WRD photo Albert Robles
In the world of glass houses, Albert Robles could be accused of throwing stones.
Robles is president of the Water Replenishment District of Southern California, which provides water to 43 thirsty cities in Los Angeles County. He is outraged that five of his municipal clients are refusing to pay their water bills.
The holdout cities complain they have been overcharged by millions of dollars. But Robles says they are trying to get something for nothing.
“They want water, and they don’t want to pay for it,” he told local reporters.
The cities are “flat-out lying” about their rationale for holding back their water payments, Robles told California Watch. Their actions are “the height of hypocrisy,” he said.
Water wars are a way of life in Southern California, but this one has taken on a particularly bitter tone, and it has put Robles’ personal finances under the microscope as well.
“It’s ironic that Mr. Robles would accuse us of these things, and I resent it,” said Mario Guerra, a councilman in the city of Downey, one of the cities he has accused of shirking its bills.
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That’s because public records obtained by California Watch show that Robles owes the IRS and the state Franchise Tax Board nearly $44,000 in unpaid taxes. In 2007, Robles’ wages at the water agency were garnisheed to collect on a $13,000 credit card debt, according to court records.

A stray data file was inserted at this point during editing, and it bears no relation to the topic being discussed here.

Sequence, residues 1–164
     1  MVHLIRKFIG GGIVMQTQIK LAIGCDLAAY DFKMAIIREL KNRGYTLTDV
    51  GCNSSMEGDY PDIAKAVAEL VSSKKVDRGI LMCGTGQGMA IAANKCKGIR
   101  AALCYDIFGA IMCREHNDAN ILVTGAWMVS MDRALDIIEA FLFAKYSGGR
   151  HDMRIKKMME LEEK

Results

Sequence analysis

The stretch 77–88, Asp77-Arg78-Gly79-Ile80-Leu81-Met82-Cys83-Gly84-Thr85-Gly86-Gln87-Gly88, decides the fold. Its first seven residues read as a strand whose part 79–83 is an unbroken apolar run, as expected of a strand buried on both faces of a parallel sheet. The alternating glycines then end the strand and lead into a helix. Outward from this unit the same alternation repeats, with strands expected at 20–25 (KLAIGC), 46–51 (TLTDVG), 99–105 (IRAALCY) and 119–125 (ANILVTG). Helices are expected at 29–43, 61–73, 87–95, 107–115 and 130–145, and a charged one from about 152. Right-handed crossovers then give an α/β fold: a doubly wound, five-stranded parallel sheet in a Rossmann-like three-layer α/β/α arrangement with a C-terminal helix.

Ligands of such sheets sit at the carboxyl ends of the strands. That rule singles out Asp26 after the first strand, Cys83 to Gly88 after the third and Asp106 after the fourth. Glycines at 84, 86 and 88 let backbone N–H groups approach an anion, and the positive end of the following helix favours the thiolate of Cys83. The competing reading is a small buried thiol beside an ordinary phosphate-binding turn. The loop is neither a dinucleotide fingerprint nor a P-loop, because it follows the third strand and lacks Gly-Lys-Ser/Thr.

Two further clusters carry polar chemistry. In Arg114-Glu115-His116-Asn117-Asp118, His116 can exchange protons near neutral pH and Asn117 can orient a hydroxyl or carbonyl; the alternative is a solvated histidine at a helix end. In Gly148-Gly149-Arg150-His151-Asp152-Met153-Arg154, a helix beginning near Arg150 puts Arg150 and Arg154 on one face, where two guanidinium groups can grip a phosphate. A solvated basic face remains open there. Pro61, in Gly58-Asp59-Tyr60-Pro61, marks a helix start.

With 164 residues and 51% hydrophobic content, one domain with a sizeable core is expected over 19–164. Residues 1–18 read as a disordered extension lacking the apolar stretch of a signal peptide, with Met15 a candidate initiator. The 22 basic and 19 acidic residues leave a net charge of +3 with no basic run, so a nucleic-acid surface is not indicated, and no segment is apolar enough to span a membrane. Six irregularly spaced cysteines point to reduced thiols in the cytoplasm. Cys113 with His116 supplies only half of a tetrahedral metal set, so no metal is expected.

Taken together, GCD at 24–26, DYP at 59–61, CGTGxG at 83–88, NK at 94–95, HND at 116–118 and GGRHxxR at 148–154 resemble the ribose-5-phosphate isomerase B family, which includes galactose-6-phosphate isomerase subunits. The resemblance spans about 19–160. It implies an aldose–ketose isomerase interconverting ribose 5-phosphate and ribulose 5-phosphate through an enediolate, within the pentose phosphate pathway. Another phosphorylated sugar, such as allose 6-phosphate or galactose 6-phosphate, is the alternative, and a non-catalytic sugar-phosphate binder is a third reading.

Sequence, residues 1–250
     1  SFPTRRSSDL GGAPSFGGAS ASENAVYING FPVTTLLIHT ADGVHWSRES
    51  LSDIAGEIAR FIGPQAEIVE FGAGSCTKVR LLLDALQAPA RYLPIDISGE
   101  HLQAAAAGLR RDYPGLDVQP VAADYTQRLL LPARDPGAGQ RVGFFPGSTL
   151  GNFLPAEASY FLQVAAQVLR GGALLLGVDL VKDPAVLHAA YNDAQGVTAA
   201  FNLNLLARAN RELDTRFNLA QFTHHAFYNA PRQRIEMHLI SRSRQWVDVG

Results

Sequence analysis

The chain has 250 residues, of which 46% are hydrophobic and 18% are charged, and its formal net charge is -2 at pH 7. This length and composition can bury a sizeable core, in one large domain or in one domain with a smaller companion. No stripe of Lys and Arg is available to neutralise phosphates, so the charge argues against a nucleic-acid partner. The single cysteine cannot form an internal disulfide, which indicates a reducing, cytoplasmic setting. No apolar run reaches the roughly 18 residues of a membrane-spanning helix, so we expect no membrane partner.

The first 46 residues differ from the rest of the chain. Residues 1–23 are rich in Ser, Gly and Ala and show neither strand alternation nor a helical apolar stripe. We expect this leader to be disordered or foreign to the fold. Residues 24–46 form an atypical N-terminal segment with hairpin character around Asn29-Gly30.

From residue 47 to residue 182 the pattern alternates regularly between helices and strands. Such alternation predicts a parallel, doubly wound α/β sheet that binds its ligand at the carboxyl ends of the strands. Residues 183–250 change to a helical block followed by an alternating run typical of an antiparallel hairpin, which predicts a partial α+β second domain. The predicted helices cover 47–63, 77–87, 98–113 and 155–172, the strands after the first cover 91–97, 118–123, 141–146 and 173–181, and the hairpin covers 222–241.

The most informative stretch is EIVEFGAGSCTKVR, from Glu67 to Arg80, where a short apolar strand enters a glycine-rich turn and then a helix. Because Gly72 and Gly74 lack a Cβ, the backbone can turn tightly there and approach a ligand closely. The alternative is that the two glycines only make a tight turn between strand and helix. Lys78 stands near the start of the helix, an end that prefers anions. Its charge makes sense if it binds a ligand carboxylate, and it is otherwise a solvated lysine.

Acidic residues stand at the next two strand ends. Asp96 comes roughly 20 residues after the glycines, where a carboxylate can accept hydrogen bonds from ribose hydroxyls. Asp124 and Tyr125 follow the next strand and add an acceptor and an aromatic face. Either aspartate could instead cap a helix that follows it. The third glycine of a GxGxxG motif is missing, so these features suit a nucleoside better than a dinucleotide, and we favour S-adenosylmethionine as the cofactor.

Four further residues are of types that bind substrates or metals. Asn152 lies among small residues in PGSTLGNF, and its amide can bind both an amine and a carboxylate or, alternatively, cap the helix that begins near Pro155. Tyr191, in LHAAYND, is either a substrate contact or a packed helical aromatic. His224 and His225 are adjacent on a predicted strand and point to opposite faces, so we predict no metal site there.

In a phone interview, Robles said he is on the verge of reaching a settlement over the unpaid taxes. The liens have no relevance to the water rate dispute, he said. If his opponents are talking about his taxes, “that’s an absolute new low,” he said.
Nevertheless, the details about the water official’s personal finances provide a backdrop to a court fight that could affect the water rates of as many as 4 million Los Angeles County residents.
Robles’ portrayal of the cities as deadbeats is unjustified, said Guerra, a “part of their big spin machine."
Together, Downey and the cities of Bellflower, Pico Rivera, Cerritos and Signal Hill may have overpaid the water agency by as much as $8 million over five years, says their lawyer, Patricia Quilizapa.
Because a judge has ruled that the water agency violated state law in setting water rates, it makes no sense to pay more money to the agency until the issue of the overpayments is sorted out, Guerra said.
The water agency was created in the 1950s to guarantee water supplies for cities that get their municipal water from wells.
The cities pay the agency for the water they pump; the agency imports water from various sources and replenishes the underground water table that the cities tap.
In 2010, the cities of Downey, Cerritos and Signal Hill sued, complaining that the water agency had been overcharging them for years.
In their lawsuit, they contended that the agency’s budget was larded with expenditures that had nothing to do with supplying water. Ratepayers were footing the bill for political lobbying, music and art festivals, and even camping equipment for Boy Scout troops, they complained. They also accused the agency of violating Proposition 218, a state law that restricts how agencies can set fees for government services.
WRD photo Water Replenishment District of Southern California
The water agency says its rates are fair and legal.